One of the major events on the locavore's culinary calendar is the opening of our local outdoor greenmarkets. Don't get me wrong, the indoor markets of winter are fine, but we soon get a little tired of hearty and robust roots like rutabagas and yams, and start to yearn for mounds of big bright red bunches of spicy radishes, bushels of deep green spinach and the first firm and tangy scallions of the season.
My wife Cathy and I just got back from the Pleasantville's market, which had its ribbon cutting and official opening this morning. We make it a habit of walking our Basset hound Bessie there early on Saturday mornings to peruse the stalls and purchase a few fresh provisions to fill our home larder for the week. Up to 1,500 people can visit the Pleasantville market on a bright Saturday morning so we are assured to meet quite a number of people that we know, and we regularly run into many loyal customers of our restaurant, the Iron Horse Grill. We are lucky that the market is literally in the restaurant's backyard. During our morning shopping sprees, I check out what is fresh and available, start to decide what I can use at the restaurant for the week and plan my menus accordingly. I head back just before the market closes to make a few deals on what the farmers have left. It is a great symbiotic relationship, I get great local products at a fair price and the farmers don't have so much to cart back with them. I also get an infusion of inspiration, coming up with new ideas on how to use the abundant harvest of vegetables, cheeses, eggs, meats and ingredients that are literally outside the Iron Horse's back door.
Obviously Pleasantville is not the only location in Westchester to be so lucky to have a valuable and tasty resource like this every week. From Mamaroneck to Mount Kisco and Rye to Tarrytown, markets operate on different days. You can find out more about just where and when they are open at www.communitymarkets.biz. The website has the full roster, schedule and directions on how to get to the various markets. It also lists the farms and artisanal producers that will be at each venue. Besides the amazingly fresh products that these open air markets supply us with, there is an atmosphere of fun and socialization with other food-focused people, comparing recipes, recounting memorable meals made with this or that ingredient and, what I think is easily one of the best perks, kibitzing with the actual farmers and producers who bring the bounty of their hard work literally to our back yards.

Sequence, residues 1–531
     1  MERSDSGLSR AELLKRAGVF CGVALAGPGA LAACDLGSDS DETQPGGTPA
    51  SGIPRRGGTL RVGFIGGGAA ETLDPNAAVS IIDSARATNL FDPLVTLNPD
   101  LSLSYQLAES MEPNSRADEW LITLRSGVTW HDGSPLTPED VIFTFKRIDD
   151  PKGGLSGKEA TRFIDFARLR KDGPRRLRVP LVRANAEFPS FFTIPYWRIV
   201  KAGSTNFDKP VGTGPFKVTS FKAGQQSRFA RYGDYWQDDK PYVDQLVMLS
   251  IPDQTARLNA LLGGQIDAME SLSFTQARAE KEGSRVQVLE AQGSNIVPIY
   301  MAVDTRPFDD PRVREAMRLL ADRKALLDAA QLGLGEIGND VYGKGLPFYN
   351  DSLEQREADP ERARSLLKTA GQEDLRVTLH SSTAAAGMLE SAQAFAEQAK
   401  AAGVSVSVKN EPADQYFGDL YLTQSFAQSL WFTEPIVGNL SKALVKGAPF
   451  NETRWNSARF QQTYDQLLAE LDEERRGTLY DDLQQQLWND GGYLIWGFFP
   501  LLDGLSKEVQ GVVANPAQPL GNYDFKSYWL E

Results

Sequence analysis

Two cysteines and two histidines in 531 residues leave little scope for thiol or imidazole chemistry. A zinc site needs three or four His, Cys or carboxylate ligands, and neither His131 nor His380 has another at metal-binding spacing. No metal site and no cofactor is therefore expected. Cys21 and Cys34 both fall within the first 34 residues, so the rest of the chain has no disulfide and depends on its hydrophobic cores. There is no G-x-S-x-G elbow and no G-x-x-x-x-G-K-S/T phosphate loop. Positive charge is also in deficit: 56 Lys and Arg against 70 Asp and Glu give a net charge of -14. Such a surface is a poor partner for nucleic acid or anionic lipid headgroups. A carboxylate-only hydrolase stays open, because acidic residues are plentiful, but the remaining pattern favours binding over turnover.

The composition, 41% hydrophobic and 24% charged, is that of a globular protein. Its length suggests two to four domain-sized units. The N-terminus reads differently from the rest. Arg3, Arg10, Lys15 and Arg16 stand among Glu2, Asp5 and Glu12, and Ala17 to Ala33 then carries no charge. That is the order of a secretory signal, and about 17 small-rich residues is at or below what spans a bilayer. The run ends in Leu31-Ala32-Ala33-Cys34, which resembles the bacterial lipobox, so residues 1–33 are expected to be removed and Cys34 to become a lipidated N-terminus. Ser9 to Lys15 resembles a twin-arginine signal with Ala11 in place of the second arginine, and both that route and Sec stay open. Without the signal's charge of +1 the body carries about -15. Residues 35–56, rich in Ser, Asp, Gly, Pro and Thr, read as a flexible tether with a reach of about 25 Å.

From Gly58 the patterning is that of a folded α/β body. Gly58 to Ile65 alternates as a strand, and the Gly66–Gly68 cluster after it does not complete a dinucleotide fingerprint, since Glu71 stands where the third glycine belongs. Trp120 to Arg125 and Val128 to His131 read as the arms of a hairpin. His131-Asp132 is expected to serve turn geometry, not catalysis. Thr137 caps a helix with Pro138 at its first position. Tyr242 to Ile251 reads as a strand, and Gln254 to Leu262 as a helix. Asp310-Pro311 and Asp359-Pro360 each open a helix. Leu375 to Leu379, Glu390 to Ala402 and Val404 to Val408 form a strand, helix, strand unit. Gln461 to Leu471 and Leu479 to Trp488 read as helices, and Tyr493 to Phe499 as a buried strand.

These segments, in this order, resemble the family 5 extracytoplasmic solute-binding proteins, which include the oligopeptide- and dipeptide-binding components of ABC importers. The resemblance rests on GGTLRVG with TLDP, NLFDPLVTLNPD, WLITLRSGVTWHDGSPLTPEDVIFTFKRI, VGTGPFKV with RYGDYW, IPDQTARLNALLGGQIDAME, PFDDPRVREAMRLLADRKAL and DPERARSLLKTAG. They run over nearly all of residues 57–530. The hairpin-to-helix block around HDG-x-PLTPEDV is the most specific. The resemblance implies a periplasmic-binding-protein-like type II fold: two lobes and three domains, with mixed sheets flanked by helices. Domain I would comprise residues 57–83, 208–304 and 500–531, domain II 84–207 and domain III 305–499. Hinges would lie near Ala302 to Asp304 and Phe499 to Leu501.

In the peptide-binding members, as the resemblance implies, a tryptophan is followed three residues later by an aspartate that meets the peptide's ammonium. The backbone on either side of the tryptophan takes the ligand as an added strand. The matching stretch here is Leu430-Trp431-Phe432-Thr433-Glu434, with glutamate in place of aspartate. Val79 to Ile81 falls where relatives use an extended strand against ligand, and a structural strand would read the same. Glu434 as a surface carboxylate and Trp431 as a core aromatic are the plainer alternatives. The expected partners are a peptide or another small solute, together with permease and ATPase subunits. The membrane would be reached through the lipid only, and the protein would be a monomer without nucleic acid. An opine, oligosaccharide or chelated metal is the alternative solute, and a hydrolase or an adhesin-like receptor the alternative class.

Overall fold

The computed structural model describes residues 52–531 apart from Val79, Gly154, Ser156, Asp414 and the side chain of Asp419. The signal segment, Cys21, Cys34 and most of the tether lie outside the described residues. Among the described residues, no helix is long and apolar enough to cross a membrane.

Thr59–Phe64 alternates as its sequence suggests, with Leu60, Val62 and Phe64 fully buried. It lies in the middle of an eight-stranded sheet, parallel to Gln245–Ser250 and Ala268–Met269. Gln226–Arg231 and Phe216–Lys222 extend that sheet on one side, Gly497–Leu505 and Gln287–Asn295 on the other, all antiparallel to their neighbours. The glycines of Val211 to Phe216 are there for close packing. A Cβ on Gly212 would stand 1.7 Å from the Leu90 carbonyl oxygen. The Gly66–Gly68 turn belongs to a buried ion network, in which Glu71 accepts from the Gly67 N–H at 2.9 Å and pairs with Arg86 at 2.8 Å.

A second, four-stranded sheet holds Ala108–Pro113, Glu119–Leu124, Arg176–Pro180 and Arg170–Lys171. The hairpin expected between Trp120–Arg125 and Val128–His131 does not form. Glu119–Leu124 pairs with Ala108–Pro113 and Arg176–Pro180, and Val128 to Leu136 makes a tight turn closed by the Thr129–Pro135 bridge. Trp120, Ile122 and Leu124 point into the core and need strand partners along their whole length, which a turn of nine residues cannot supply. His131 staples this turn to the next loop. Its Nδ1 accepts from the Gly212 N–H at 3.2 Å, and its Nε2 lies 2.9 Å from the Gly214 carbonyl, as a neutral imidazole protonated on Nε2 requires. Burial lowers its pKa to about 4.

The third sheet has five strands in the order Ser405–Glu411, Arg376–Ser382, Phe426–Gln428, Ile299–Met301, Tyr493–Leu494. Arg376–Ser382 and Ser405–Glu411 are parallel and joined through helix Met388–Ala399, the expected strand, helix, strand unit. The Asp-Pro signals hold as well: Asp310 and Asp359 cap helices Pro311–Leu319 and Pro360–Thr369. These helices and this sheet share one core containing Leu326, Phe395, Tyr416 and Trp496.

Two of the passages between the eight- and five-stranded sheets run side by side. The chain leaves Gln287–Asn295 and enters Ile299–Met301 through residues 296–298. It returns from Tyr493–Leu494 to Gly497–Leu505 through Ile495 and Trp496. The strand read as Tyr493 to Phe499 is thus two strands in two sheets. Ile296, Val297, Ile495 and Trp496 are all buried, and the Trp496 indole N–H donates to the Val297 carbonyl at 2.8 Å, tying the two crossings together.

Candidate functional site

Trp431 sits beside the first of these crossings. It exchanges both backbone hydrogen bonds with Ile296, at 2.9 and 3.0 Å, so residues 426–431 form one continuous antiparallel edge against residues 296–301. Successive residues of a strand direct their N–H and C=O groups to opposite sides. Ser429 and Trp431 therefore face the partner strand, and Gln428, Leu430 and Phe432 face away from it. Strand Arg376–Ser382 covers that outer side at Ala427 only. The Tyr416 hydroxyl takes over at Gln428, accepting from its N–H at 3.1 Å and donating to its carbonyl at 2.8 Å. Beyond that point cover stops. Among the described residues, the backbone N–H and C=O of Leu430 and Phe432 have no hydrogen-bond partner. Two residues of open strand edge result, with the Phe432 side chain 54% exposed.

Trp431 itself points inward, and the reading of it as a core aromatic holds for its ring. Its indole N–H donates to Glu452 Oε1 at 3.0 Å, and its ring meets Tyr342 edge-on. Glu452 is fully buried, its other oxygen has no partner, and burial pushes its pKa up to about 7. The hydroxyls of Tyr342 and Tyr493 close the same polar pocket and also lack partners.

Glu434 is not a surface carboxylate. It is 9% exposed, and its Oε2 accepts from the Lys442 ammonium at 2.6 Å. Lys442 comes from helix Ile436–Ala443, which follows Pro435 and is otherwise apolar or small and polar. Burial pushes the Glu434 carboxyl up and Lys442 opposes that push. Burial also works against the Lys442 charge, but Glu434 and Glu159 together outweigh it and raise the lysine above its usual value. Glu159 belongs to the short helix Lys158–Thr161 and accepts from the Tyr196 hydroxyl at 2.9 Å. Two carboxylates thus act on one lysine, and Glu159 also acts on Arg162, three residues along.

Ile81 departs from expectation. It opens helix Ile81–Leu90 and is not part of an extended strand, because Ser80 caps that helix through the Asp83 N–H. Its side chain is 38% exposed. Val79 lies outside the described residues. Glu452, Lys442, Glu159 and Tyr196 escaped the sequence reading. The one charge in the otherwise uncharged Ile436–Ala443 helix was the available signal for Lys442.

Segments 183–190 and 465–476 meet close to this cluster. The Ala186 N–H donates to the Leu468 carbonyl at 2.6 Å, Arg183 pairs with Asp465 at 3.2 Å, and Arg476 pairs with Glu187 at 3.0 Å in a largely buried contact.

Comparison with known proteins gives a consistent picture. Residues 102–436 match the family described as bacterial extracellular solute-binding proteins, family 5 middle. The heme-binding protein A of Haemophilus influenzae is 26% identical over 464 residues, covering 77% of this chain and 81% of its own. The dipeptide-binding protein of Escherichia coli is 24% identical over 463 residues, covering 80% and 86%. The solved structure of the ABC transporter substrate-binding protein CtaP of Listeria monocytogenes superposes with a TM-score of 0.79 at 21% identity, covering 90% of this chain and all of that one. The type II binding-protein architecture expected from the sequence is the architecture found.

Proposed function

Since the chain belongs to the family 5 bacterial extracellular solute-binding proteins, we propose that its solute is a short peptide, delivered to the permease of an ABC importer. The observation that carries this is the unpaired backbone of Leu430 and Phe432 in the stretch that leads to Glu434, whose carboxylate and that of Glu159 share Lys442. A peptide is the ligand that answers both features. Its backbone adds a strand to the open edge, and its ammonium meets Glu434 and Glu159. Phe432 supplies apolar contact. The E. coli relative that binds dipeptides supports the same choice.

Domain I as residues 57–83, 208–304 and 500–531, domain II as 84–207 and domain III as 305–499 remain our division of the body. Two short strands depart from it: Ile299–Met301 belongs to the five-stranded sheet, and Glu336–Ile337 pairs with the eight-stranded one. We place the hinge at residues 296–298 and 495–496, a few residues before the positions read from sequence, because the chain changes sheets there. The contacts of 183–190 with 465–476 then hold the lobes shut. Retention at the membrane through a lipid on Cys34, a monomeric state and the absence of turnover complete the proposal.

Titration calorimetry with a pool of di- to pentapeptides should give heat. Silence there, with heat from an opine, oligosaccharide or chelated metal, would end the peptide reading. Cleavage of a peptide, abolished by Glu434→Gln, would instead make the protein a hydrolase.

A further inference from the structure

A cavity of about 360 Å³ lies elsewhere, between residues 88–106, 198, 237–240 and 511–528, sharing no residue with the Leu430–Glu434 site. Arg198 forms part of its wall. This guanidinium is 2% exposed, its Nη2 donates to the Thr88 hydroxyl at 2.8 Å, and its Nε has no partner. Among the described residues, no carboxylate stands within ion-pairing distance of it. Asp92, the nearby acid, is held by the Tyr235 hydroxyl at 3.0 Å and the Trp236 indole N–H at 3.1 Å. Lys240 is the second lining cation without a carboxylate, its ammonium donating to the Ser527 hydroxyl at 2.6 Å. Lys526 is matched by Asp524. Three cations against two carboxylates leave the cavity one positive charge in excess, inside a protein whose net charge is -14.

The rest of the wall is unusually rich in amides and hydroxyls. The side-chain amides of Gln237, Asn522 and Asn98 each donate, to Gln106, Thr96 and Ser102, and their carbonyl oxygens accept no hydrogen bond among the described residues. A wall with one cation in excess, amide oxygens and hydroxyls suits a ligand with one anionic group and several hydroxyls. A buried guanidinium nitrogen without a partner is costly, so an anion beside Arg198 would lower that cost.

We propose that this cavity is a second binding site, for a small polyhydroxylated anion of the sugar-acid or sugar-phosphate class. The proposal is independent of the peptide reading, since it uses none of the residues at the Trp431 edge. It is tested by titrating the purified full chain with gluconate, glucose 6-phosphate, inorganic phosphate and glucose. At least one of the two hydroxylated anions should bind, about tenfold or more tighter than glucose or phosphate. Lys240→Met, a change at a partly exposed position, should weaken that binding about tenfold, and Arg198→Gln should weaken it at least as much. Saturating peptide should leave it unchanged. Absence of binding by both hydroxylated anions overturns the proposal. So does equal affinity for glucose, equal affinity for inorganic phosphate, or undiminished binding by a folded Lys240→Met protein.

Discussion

I purchased all of the ingredients for the following salad this morning at our Pleasantville market (except for the salt and pepper). It is a testament to just what you can come up with using a little imagination and great, local products.
SPINACH, RADISH AND SCALLION SALAD
CHEVRE CROUTONS, CIDER DRESSING
1 lb spinach, stemmed, washed and spun dry
1 bunch of radishes, washed and thinly sliced
1 bunch scallions minced
4 discs Chevre
4 slices of baguette cut on the bias
4 tbs. extra virgin olive oil plus a little for brushing
2 tbs. apple cider vinegar
4 basil leaves
Coarse salt and fresh pepper to taste
Place the spinach, radishes and scallions in a mixing bowl. Brush the slices of baguette with a little olive oil and lightly toast. Place a basil leaf on the top of each crouton and top with a disc of Chevre. Warm until the cheese is just soft, season with salt and fresh pepper. Toss the salad with the remaining olive oil, cider vinegar, seasoning with salt and pepper to taste. Place a mound of salad on each of four plates, top with a crouton and serve immediately.
Philip McGrath owns and operates the Iron Horse Grill, which is housed the historic former train station building in Pleasantville. He also owns Pony Express To Go, an all natural fast food restaurant just across the park from the Iron Horse. You can learn more about both by visiting their websites at www.ironhorsegrill.com and www.ponyexpresstogo.com .
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